Google+ Badge BLACK SOCIAL HISTORY
Sunday, 27 October 2013
BLACK SOCIAL HISTORY : AFRICAN AMERICAN " THE MELLO-MOODS " ARE SIGNIFICANT IN THE HISTORY OF TEEN VOCAL GROUPS : GOES INTO THE " HALL OF BLACK GENIUS "
BLACK SOCIAL HISTORY The New York-based Mello-Moods are significant in the history of teen vocal groups, coming together almost four years before Frankie Lymon & the Teenagers, who were acclaimed as the one of the first black "kiddie" groups to capture the public's attention in the early '50s. 13 and 14-year-old eighth graders Ray "Buddy" Wooten (lead), Bobby "Schubie" Williams (second lead, tenor, and piano), Bobby Baylor (second tenor and baritone), Monteith "Monte" Owens (tenor and guitar), and Jimmy "Bip" Bethea (bass) were so young that they were all still attending Resurrection Grammar School on West 151st Street in Manhattan when they began to attract attention.
By late 1950/early 1951, the unnamed group of teenie vocalists could be found practicing at Macombs Dam Park across the bridge in the Bronx, right behind Yankee Stadium. Bobby Robinson, who owned the Red Robins record store and was looking to start the Red Robins record label, caught the group and decided that he'd invest his time and money to record them. By December 1951, the group -- now calling themselves the Mello-Moods -- had recorded their first single, a soft ballad called "Where Are You," which soon found its way on to Billboard's national R&B charts on February 23, 1952, where it reached number seven in the nation.
Jimmy Keyes, a friend of the group (later a member of the Chords -- "Sh-Boom" -- on Cat) became their manager and managed to get them on the bill at the Apollo Theater, as well as nightclubs usually reserved for adults. The Mello-Moods also made an appearance on the Spotlight on Harlem TV show. The group's next single, a ballad called "I Couldn't Sleep a Wink Last Night" earned them some airplay, but failed to chart and the group was soon signing up with new manager Joel Turnero. Turnero took them to Prestige Records, who released a set of singles, "I'm Lost" and its follow-up, "Call on Me," but both failed to chart. By 1952, the group became restless and started drifting off to form other groups. Soon enough, the Mello-Moods had merely vanished.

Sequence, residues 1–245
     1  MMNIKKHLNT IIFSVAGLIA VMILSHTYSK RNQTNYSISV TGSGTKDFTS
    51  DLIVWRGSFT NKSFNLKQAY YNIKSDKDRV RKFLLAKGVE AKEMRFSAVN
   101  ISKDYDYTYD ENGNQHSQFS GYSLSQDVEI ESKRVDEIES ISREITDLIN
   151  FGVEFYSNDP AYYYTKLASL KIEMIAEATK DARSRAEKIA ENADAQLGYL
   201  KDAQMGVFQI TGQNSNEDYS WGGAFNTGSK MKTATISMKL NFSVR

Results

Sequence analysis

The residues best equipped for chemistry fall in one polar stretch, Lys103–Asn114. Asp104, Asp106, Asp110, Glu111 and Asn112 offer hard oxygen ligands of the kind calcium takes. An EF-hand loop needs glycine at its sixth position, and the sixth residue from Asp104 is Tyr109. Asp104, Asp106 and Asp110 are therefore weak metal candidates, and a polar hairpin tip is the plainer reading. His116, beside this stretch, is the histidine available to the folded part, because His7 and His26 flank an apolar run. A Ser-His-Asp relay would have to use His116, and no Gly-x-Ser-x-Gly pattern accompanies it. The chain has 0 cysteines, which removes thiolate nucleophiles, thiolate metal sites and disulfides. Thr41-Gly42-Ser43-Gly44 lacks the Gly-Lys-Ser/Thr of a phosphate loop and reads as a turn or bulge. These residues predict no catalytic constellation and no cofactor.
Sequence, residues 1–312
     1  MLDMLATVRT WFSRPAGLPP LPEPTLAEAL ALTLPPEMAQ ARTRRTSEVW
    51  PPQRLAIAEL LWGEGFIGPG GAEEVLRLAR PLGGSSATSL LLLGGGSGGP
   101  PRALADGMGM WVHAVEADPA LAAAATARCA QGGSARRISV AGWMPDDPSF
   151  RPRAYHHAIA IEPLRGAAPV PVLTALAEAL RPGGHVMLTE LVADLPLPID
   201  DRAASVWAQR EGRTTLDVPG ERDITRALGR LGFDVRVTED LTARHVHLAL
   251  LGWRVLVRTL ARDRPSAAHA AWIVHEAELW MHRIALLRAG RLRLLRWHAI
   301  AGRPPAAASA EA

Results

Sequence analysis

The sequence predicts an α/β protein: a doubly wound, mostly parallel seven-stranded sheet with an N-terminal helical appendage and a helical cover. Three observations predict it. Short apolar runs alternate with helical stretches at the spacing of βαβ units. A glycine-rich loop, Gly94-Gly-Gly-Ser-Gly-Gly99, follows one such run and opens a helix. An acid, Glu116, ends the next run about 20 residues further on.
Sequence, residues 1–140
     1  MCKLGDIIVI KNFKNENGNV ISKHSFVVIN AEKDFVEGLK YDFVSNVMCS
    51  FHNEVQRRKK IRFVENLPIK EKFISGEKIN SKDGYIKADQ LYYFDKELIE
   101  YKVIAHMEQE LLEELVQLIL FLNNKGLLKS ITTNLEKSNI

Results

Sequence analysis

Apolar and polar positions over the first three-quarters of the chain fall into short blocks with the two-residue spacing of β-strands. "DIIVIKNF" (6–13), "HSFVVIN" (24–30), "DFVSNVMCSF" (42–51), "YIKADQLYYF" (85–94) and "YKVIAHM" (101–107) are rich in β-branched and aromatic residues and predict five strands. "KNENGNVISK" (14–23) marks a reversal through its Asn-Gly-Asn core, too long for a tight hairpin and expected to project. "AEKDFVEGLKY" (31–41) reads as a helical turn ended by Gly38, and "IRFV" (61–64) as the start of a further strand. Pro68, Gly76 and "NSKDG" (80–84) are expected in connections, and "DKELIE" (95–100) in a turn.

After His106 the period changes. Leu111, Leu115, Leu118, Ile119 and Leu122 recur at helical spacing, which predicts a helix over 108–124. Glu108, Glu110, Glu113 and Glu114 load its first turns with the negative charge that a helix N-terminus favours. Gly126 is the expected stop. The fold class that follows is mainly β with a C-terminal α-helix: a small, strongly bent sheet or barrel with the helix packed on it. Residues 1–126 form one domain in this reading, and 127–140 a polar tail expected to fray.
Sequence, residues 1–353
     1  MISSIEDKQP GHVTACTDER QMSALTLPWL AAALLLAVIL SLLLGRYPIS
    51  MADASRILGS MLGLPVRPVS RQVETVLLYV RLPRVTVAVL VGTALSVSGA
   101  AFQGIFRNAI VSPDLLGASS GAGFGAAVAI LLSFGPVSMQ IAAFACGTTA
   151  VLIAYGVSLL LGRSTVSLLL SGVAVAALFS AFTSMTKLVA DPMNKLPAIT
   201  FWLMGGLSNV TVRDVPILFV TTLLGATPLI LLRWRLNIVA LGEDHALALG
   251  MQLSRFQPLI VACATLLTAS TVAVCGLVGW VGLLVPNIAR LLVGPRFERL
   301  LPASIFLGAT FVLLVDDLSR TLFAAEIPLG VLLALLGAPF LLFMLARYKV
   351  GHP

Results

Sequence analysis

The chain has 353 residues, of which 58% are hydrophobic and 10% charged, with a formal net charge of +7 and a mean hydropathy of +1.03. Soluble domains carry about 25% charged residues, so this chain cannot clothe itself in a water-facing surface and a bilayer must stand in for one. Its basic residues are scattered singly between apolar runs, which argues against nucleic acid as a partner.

Schubie Williams, Bobby Baylor, and Monte Owens later formed the legendary Solitaires, whose biggest hit was "Embraceable You" on Old Town. In 1963, this same group began backing Ray Brewster as the Cadillacs ("Fool," Artic) and even toured for a while as both the Cadillacs and one of the bazillion acts calling themselves the Drifters, with Bobby Baylor doing his best Clyde McPhatter impression. Monty Owens later left the music biz and went to work for the U.S. Postal Service and Baylor became a transit conductor in the New York City subway system.
Ray Wooten was the unfortunate victim of a theft in the '70s that soured him on the music business for more than 30 years. The story is that two men convinced him that they were members of popular R&B radio show who wanted to do a magazine article and radio show about his career. Wooten turned over invaluable personal items, including photos and documents, which were to be used and returned to him, but as it turned out, the two were thieves and the personal items were never returned. Wooten was so hurt by this that he vowed never to have anything to do with the music business again and it wasn't until October of 1998, on the stage of the UGHA, that Wooten -- a guest of UGHA member/former Mello-Mood bassman Jimmy Bethea -- was welcomed with tremendous applause which made him feel like he had turned his back on a musical community that had not forgotten him.